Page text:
Couvent des Jacobins (Futures Pre-Sale) 2020
Critical AcclaimAll Vintages
Dark chocolate, bark, dried flowers, cherries, walnuts, crushed stones and orange zest on the nose. Graphite, too. Textured, mineral and expansive with a full body and firm, chalky tannins. Broad yet focused. I like the cool freshness at the end. Best yet? From organically grown grapes. Best From 2026.
Composed of 85% Merlot, 10% Cabernet Franc and 5% Petit Verdot, the 2020 Couvent des Jacobins has an alcohol level of 14.5% with a pH of 3.68. It is aging for an anticipated 12 to 15 months in French oak barrels, 45% new. Deep garnet-purple colored, it strides confidently out of the glass with notions of baked blackberries, black cherry preserves and stewed plums, plus touches of damp soil, espresso and licorice with a waft of wild mushrooms. The medium to full-bodied palate is quite tightly wound with plenty of black fruit layers intertwined with mineral and exotic spice nuances, framed by grainy tannins and bags of freshness, finishing with a lively lift. Barrel Sample: 92-94
Barrel Sample: 92
Barrel Sample: 90-92
Marked by its historic fortified village—perhaps the prettiest in all of Bordeaux, the St-Émilion appellation, along with its neighboring village of Pomerol, are leaders in quality on the Right Bank of Bordeaux. These Merlot-dominant red wines (complemented by various amounts of Cabernet Franc and/or Cabernet Sauvignon) remain some of the most admired and collected wines of the world.
St-Émilion has the longest history in wine production in Bordeaux—longer than the Left Bank—dating back to an 8th century monk named Saint Émilion who became a hermit in one of the many limestone caves scattered throughout the area.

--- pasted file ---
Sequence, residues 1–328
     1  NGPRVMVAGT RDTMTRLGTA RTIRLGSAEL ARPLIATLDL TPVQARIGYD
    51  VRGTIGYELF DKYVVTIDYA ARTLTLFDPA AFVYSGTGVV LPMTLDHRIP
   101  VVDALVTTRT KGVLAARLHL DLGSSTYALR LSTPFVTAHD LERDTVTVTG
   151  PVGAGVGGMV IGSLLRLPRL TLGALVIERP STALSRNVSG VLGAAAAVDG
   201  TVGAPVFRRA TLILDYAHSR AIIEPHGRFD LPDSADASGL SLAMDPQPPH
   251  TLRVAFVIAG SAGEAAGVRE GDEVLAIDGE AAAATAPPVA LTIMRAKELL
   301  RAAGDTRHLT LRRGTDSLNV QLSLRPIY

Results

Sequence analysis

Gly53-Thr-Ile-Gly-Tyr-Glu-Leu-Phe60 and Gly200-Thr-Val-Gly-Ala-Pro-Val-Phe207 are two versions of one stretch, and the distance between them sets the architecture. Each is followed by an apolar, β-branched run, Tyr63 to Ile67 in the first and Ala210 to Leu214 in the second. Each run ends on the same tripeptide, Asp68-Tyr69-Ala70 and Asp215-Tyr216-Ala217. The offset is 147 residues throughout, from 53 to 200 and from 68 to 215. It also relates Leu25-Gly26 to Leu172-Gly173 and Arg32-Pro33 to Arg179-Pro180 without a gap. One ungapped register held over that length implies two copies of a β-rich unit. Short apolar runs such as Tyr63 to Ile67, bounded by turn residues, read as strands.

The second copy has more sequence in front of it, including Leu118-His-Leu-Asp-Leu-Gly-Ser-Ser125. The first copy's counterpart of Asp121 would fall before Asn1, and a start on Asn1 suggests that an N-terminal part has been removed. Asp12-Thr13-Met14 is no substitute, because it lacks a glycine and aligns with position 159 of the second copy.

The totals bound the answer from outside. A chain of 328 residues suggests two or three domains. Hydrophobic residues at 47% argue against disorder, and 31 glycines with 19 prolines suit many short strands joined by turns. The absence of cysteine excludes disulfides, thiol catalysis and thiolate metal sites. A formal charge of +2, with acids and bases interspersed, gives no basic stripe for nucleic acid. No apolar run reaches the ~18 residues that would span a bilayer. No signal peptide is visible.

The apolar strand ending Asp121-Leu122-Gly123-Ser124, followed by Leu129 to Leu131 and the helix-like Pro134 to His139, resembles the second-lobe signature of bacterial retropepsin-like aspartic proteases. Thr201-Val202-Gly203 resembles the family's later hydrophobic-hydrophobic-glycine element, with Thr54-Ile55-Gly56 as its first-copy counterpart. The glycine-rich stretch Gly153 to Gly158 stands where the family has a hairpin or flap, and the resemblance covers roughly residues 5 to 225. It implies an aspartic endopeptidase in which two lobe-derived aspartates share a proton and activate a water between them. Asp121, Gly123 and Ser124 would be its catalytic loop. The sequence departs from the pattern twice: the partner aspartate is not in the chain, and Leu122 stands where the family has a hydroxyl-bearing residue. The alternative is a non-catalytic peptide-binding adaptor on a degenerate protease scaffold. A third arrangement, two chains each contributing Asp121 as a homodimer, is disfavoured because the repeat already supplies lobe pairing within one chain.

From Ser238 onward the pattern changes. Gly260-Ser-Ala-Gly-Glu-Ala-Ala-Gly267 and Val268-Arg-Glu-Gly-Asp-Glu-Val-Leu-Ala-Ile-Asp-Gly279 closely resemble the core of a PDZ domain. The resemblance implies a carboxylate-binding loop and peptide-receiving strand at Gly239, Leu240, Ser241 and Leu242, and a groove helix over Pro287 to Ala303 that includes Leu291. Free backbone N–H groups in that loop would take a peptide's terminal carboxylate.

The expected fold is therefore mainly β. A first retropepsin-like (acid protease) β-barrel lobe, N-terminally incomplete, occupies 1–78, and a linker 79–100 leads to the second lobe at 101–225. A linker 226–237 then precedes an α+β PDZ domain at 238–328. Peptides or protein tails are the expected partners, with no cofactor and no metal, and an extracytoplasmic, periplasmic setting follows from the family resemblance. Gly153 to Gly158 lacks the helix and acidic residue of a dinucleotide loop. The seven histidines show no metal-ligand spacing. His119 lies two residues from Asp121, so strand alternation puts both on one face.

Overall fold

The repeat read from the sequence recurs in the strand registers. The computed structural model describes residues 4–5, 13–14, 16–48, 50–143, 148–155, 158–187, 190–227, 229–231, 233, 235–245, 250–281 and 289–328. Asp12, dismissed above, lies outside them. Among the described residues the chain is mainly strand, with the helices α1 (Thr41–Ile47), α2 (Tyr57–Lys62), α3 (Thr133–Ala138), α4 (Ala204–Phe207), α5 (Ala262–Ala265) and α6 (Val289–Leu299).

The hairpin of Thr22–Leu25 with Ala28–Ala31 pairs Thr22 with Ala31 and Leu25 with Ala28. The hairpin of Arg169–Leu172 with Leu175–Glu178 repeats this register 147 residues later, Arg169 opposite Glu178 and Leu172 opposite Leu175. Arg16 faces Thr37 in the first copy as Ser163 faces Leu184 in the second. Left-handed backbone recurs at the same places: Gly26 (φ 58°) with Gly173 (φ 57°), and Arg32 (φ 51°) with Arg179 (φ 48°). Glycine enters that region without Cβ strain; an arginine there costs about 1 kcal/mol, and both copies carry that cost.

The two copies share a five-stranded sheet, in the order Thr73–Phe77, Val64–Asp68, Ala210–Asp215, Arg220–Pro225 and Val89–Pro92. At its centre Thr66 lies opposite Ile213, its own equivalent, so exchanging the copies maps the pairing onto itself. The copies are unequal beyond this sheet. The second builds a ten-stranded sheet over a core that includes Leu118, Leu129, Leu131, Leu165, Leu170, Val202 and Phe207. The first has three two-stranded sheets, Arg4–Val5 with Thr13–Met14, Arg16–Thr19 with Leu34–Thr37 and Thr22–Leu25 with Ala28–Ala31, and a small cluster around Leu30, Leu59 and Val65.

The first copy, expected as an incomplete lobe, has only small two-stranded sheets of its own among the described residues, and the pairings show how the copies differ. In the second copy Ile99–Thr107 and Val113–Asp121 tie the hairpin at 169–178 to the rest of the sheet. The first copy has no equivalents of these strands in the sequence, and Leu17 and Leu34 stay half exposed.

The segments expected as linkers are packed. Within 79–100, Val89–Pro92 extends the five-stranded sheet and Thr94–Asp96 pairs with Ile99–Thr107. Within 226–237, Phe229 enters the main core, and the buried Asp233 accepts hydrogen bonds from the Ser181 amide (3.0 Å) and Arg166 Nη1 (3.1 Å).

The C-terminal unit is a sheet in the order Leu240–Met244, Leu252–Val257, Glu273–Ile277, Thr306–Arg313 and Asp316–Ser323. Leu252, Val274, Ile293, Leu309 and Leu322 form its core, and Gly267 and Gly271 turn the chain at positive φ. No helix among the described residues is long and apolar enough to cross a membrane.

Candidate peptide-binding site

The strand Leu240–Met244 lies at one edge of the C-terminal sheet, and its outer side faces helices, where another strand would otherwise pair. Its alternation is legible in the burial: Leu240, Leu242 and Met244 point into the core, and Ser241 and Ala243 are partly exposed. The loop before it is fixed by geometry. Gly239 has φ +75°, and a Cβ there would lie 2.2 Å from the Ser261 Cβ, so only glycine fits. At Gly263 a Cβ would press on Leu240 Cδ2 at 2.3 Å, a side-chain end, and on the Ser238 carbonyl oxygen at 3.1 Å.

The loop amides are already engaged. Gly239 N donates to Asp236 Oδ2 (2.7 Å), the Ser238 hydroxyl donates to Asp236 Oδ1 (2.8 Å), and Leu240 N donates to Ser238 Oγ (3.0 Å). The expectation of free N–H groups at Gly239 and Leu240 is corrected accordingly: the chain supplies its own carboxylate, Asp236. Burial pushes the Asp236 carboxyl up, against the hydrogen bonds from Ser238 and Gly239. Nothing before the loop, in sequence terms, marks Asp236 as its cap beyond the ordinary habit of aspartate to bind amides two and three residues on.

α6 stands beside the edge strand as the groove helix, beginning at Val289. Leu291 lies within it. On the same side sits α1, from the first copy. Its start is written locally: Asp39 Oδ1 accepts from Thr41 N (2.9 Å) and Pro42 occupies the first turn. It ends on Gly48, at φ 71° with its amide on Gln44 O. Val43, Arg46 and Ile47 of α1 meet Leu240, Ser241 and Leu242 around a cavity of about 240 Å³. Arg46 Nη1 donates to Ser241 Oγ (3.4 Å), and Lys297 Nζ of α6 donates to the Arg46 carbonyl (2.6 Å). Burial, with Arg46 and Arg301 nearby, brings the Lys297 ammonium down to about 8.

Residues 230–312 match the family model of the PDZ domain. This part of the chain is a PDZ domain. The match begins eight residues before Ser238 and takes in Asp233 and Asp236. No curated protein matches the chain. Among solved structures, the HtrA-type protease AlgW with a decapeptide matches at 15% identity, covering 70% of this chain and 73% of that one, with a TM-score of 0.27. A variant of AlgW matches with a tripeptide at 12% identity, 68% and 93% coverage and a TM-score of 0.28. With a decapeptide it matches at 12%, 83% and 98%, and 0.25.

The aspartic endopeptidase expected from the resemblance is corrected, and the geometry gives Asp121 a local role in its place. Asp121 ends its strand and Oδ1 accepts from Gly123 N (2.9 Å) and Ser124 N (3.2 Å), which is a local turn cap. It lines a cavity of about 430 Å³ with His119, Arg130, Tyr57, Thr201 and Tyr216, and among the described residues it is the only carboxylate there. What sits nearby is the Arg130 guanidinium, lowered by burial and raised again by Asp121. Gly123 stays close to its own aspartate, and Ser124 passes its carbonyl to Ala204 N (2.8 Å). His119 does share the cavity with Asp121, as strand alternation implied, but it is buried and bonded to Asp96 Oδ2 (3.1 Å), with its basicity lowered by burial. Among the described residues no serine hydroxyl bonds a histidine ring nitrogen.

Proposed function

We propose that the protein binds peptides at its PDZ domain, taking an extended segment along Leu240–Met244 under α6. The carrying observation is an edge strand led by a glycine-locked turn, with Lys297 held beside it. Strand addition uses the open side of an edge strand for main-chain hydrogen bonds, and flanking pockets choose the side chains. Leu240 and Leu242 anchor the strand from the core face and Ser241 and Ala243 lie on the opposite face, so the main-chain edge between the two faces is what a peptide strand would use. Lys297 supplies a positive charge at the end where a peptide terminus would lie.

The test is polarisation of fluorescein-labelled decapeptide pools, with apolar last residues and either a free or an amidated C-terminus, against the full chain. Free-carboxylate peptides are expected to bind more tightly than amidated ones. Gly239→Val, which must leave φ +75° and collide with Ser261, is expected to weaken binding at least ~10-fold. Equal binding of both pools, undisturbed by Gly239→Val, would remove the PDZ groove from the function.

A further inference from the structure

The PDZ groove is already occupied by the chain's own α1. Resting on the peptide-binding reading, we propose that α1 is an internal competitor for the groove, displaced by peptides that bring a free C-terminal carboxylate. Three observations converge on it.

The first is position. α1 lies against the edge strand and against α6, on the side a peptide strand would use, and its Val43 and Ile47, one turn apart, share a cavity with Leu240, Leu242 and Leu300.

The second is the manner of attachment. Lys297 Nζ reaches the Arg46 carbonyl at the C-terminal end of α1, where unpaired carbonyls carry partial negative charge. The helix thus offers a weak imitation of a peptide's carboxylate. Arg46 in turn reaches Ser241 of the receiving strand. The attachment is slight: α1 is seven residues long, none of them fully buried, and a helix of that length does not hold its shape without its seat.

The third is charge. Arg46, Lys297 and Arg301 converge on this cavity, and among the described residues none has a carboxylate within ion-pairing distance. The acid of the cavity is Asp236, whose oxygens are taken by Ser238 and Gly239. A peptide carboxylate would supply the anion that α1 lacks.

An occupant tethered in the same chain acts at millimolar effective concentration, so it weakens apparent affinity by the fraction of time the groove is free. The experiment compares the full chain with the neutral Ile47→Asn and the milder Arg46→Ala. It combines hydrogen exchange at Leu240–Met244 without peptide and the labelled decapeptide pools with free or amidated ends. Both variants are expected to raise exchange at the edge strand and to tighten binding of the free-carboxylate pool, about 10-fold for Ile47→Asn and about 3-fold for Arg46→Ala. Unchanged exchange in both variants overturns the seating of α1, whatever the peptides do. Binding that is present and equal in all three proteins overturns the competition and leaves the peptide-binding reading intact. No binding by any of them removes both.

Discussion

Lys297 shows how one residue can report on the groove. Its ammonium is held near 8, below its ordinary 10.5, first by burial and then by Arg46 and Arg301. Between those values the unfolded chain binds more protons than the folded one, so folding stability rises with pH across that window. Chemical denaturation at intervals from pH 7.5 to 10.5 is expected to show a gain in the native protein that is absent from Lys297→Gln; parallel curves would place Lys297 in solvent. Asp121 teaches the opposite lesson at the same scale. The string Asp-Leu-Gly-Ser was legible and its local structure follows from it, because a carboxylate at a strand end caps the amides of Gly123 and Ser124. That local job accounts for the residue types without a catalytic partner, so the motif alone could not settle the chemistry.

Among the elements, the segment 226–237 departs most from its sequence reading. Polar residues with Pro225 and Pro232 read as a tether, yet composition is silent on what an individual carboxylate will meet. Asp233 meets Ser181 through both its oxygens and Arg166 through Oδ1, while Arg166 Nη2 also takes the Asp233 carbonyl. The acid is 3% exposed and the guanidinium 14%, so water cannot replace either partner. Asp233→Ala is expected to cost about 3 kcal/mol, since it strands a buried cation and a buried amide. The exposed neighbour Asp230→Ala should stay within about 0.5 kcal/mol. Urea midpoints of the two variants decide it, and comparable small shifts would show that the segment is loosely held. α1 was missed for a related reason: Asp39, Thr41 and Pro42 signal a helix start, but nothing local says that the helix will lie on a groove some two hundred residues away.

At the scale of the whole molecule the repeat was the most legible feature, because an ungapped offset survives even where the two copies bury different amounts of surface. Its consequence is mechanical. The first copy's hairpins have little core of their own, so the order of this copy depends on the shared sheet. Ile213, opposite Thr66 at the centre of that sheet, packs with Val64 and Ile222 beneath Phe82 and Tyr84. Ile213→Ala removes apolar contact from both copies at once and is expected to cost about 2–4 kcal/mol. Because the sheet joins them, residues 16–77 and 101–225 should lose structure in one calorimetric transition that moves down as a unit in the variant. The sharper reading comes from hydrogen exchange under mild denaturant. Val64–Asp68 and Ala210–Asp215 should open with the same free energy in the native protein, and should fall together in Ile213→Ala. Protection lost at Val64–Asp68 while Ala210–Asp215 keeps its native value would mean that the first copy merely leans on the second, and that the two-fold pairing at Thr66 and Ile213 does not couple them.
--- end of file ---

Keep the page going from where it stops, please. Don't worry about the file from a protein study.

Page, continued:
Today St-Émilion is made up of hundreds of independent farmers dedicated to the same thing: growing Merlot and Cabernet Franc (and tiny amounts of Cabernet Sauvignon). While always roughly the same blend, the wines of St-Émilion vary considerably depending on the soil upon which they are grown—and the soils do vary considerably throughout the region.
The chateaux with the highest classification (Premier Grand Cru Classés) are on gravel-rich soils or steep, clay-limestone hillsides. There are only four given the highest rank, called Premier Grand Cru Classés A (Chateau Cheval Blanc, Ausone, Angélus, Pavie) and 14 are Premier Grand Cru Classés B. Much of the rest of the vineyards in the appellation are on flatter land where the soils are a mix of gravel, sand and alluvial matter.
Great wines from St-Émilion will be deep in color, and might have characteristics of blackberry liqueur, black raspberry, licorice, chocolate, grilled meat, earth or truffles. They will be bold, layered and lush.
One of the world’s most classic and popular styles of red wine, Bordeaux-inspired blends have spread from their homeland in France to nearly every corner of the New World. Typically based on either Cabernet Sauvignon or Merlot and supported by Cabernet Franc, Malbec and Petit Verdot, the best of these are densely hued, fragrant, full of fruit and boast a structure that begs for cellar time. Somm Secret—Blends from Bordeaux are generally earthier compared to those from the New World, which tend to be fruit-dominant.